Gca, grancalcin

18.46

1447574_s_at

Slc32a1, Solute carrier family 32 (GABA vesicular transporter), member 1

18.73

1431854_a_at

4930452B06Rik

18.94

1460267_at

Dmrt3, doublesex and mab-3 related transcription factor 3

19.76

1417197_at

Wwc2, WW, C2 and coiled-coil domain containing 2

20.76

1442788_at

Afap1, actin filament associated protein 1

20.91

1447292_at

Actr1b, ARP1 actin-related protein 1 homolog B (yeast)

21.96

1431878_at

Grhl2, grainyhead-like 2 (Drosophila)

22.18

1449501_a_at

Gzmm, granzyme M (lymphocyte met-ase 1)

23.58

1436500_at

Rps24, Ribosomal protein S24

25.96

1425436_x_at

Klra3, killer cell lectin-like receptor, subfamily A, member 3

26.39

1456130_at

LOC553091

27.36

1454240_at

Nfe2l3, nuclear factor, erythroid derived 2, like 3

29.25

1422641_at

Dok5, docking protein 5

29.31

1417375_at

Tuba4a, tubulin, alpha 4A

30.36

1425417_x_at

Klra8, killer cell lectin-like receptor, subfamily A, member 8

131.81

The down-regulated transcripts are shown with "-"

https://static-content.springer.com/image/art%3A10.1186%2F1471-2164-10-233/MediaObjects/12864_2008_Article_2117_Fig3_HTML.jpg
Figure 3

Overlapping probe-sets in unstimulated and anti-CD3-stimulated Itk-deficient CD4 + (left) and CD8 + (right) T-cell populations. Each circle is a comparison between Itk-defective and Wt samples. All the comparisons were made with the criterion ≥ 2-fold.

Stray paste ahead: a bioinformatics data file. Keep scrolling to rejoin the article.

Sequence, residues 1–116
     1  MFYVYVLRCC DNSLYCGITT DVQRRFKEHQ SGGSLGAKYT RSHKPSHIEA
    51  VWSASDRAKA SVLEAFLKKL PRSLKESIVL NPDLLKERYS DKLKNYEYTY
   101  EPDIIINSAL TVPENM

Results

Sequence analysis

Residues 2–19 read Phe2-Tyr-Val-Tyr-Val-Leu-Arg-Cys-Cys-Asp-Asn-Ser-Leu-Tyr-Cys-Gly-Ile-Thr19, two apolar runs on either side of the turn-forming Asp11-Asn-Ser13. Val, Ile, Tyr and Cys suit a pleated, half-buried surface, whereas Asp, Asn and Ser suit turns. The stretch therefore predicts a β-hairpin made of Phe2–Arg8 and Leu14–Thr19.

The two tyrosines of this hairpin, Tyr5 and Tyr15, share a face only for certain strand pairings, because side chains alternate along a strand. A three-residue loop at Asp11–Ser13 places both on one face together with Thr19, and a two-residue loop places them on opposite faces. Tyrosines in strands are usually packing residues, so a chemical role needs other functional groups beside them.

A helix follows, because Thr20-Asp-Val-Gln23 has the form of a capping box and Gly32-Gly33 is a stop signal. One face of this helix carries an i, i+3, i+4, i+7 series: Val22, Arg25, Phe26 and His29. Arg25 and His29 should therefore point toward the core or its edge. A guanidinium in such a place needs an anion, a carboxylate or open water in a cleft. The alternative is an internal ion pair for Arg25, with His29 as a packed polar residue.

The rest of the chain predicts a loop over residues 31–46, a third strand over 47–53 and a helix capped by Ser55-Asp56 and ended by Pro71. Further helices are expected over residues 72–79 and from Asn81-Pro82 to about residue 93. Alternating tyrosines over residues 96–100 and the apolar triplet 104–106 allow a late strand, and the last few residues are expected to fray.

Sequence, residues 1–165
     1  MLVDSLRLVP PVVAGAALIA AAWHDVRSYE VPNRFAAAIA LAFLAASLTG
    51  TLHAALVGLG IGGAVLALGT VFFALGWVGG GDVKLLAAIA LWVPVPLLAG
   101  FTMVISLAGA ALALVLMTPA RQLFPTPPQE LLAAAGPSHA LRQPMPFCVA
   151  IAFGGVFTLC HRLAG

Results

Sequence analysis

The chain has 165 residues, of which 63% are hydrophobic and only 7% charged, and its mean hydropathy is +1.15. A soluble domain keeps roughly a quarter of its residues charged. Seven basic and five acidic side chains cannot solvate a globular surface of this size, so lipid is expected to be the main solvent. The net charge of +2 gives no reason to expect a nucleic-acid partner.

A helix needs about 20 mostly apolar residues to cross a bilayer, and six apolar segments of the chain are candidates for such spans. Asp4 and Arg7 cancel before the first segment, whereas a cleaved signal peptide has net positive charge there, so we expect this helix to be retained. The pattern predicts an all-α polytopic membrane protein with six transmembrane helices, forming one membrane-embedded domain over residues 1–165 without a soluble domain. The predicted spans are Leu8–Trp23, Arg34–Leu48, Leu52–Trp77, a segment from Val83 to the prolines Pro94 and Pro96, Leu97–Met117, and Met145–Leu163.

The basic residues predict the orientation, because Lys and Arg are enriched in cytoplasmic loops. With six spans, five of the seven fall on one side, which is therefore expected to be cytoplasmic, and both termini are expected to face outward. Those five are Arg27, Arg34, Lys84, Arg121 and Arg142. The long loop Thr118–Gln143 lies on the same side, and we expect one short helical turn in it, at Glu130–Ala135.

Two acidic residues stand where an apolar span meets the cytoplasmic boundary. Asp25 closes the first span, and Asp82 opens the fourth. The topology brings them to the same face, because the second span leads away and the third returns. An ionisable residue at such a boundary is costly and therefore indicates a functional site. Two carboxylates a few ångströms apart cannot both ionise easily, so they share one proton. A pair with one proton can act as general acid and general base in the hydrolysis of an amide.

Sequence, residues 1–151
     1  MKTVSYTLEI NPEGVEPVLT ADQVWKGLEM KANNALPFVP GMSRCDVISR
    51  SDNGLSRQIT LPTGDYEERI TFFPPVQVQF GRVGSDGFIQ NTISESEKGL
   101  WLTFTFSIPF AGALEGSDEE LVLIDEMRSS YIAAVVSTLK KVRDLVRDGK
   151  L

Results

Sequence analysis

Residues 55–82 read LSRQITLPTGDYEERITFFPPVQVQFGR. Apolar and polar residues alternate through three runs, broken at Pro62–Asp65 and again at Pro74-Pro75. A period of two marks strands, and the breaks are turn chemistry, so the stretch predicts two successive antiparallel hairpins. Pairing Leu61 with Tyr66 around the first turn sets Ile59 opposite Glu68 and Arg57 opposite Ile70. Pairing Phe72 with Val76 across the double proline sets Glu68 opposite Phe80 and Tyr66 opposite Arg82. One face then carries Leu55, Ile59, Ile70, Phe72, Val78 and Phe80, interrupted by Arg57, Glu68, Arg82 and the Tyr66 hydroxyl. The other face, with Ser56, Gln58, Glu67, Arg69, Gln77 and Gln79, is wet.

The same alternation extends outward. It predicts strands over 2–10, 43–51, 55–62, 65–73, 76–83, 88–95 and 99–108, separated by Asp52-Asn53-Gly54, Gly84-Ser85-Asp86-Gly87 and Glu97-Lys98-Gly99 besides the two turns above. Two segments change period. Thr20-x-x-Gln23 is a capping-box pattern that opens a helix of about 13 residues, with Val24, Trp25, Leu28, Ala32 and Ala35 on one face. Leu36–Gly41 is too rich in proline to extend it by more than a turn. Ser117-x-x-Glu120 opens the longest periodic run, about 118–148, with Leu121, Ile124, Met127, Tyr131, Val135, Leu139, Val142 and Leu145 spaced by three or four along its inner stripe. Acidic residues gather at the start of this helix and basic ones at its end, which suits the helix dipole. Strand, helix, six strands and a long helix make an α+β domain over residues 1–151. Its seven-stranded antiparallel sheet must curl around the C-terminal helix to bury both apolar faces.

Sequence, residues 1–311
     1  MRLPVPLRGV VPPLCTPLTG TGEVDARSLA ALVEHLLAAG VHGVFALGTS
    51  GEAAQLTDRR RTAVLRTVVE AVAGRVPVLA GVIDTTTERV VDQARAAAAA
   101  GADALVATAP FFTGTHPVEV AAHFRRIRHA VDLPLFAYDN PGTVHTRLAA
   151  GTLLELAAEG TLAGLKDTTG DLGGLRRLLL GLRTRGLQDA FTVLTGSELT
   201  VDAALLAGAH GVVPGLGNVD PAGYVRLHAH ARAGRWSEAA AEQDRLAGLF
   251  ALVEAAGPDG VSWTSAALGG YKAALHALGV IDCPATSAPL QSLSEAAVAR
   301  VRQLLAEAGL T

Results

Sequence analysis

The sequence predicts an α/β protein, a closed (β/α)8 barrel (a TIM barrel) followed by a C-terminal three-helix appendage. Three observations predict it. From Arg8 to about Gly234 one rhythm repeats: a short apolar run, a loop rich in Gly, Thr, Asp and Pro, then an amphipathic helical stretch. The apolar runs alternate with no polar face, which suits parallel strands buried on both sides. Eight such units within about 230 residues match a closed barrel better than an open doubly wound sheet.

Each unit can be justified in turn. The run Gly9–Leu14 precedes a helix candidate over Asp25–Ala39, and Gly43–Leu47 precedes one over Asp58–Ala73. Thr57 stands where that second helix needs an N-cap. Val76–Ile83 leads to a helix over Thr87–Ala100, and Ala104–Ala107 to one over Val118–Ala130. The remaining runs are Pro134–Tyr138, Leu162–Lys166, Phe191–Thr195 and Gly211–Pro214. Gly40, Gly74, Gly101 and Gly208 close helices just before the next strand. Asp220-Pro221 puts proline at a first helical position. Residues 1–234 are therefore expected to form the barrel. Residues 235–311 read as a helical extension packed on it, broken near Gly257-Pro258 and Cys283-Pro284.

The largest number of differentially expressed transcripts was observed in the unstimulated groups of Itk-deficient CD4+ and CD8+ T-cell subsets. By subtracting the overlapping 1495 probe-sets (Figure 3) from unstimulated Itk-deficient CD4+ and CD8+ cells, respectively, we characterized separate core groups of transcripts for each subset. The remaining number of probe-sets in the CD4+ population was 324 (Additional file 8), while it was more than 10-fold higher in the CD8+ group (Additional file 9). Interestingly, two members of the Klr family (Klrb1a (Ly55a) and Klrb1c (NK-1.1)) were present in the CD4+population, while four other members were found in the CD8+ subset (Klra4 (Ly49D), Klra19 (Ly49S), Klrc2 (NKG2C) and Klrk1 (NKG2D)). Five Klrs were in common between unstimulated CD4+ and CD8+ groups, they were Klra3, a7, a8, a22 and b1b (by comparing 2050 and 6907 in Fig. 3). The differentially expressed NK/innate cell-related transcripts were not limited to cell surface markers, since RNA for the cytotoxic protein Granzyme M was strongly enriched in the Itk-deficient population, again confirming that NK- and innate cells have overlapping transcriptomes [31].

Itk-deficiency mimics calcineurin inhibition

Tec-family kinases activate PLCγ and are therefore important regulators of Ca2+-mobilization and the calcineurin/NFAT pathway [5, 32]. However, Tec-family kinases regulate also other signaling pathways. To investigate which of the Itk-related changes is the consequence of an impaired calcineurin/NFAT pathway, we compared the expression profiles of anti-CD3 ± CD28 stimulated Itk-/- CD3+ T-cells and of CsA-treated Wt T-cells. CsA specifically inhibits calcineurin and by that affects downstream signaling and the activation of the transcription factors of the NFAT-family. Based on the dependency of Itk and/or calcineurin, three groups of genes could be identified: Itk- and calcineurin-dependent (Itk/CN); Itk-dependent and calcineurin-independent (Itk/non-CN) and Itk-independent and calcineurin-dependent (non-Itk/CN).